Television is a small part of The Washington Post Company, but revenues for the Post-Newsweek Stations shot up 29% in Q3. And here’s a surprise: The Washington Post also posted a gain in ad revenues.
We’re not kidding. The newspaper publishing division saw revenues increase 5% in Q3 to $163.4 million. Within that, print advertising revenues at The Washington Post were up 3% to $72 million. That was attributed to “an increase in general advertising,” the company said in its quarterly financial release. The Washington Post Company does not conduct quarterly conference calls with Wall Street analysts. The online business for the newspaper division was much stronger, up 21% to $27.2 million. That’s primarily from washingtonpost.com and Slate.
Television revenues were up 29% to $83.2 million and operating income gained 68% to $25.3 million. For the first nine months of the year TV revenues were up 24% to $239.3 million and operating income was up 83% to $76 million. “The increase in revenue and operating income is due to improved advertising demand in all markets and most product categories, particularly automotive. The increased revenue and operating income also includes $5.1 million in incremental winter Olympics-related advertising at the Company’s NBC affiliates in the first quarter of 2010, and a $9.0 million and $14.5 million increase in political advertising revenue for the third quarter and first nine months of 2010, respectively,” the company said.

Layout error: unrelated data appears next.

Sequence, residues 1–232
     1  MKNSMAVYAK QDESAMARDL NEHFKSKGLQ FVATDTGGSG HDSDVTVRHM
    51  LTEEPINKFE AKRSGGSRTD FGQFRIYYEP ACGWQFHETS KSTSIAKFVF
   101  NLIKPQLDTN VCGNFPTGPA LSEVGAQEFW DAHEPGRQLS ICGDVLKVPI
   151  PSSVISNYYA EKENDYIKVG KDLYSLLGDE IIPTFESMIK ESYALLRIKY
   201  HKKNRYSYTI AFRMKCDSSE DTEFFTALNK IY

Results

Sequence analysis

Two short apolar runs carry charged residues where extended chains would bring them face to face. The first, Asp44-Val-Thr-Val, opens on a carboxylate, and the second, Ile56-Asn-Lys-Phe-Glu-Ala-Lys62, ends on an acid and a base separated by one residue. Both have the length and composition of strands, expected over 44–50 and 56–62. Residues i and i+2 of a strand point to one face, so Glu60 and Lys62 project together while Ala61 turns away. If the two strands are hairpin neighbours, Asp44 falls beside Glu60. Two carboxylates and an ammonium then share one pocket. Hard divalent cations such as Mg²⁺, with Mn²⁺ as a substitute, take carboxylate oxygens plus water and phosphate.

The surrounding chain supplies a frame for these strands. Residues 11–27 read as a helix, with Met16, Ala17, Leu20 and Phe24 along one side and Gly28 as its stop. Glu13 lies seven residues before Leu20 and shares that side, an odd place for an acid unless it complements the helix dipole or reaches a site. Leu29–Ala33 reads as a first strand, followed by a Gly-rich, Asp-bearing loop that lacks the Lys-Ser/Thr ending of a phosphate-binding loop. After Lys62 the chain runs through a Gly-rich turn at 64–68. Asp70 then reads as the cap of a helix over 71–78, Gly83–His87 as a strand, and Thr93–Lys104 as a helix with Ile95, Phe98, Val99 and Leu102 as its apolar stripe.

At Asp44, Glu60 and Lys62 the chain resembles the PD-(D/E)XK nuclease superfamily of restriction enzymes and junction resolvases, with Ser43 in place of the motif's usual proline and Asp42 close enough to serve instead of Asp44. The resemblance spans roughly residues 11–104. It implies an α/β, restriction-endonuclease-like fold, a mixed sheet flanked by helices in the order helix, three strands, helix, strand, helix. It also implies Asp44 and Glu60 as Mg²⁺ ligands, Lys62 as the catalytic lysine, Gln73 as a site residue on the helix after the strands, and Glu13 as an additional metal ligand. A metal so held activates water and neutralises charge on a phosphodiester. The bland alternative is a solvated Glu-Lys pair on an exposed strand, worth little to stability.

Total revenues for The Washington Post Company were up 7% in Q3, due to increased revenues at the education, television broadcasting and newspaper publishing divisions, offset by a small decrease at the cable television division. Operating income increased 75% to $130.6 million.